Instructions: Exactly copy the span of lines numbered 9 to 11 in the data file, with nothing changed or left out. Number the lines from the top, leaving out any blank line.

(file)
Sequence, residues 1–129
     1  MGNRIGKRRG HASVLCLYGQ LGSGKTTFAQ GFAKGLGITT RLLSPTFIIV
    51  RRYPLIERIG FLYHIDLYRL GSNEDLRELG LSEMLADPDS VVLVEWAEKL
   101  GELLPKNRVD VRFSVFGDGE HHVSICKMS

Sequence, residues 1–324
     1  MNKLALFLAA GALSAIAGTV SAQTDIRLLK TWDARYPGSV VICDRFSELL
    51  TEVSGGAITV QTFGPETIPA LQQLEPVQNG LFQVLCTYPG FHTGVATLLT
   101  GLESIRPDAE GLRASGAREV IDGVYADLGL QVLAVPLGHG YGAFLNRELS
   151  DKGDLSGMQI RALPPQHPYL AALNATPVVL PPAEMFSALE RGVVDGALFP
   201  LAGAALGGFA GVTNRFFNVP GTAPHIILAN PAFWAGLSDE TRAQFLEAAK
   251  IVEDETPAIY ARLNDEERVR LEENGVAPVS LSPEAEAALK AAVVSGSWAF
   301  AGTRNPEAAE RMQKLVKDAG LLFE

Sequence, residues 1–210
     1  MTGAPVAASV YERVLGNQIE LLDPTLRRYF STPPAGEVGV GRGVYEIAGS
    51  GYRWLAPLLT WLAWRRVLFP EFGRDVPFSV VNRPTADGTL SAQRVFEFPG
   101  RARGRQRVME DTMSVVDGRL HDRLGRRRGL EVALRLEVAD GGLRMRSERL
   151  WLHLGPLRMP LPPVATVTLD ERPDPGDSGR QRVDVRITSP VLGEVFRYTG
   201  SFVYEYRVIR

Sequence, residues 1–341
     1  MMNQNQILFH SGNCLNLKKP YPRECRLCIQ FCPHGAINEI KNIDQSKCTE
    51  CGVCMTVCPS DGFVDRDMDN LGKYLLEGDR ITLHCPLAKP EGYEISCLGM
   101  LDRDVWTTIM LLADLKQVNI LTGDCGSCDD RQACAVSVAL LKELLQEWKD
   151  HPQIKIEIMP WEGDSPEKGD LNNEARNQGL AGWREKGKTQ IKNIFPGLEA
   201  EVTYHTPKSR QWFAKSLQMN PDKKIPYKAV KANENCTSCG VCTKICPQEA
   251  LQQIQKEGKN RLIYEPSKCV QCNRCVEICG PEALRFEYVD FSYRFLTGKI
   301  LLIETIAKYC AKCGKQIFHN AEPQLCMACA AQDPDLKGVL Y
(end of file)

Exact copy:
   151  DKGDLSGMQI RALPPQHPYL AALNATPVVL PPAEMFSALE RGVVDGALFP
   201  LAGAALGGFA GVTNRFFNVP GTAPHIILAN PAFWAGLSDE TRAQFLEAAK
   251  IVEDETPAIY ARLNDEERVR LEENGVAPVS LSPEAEAALK AAVVSGSWAF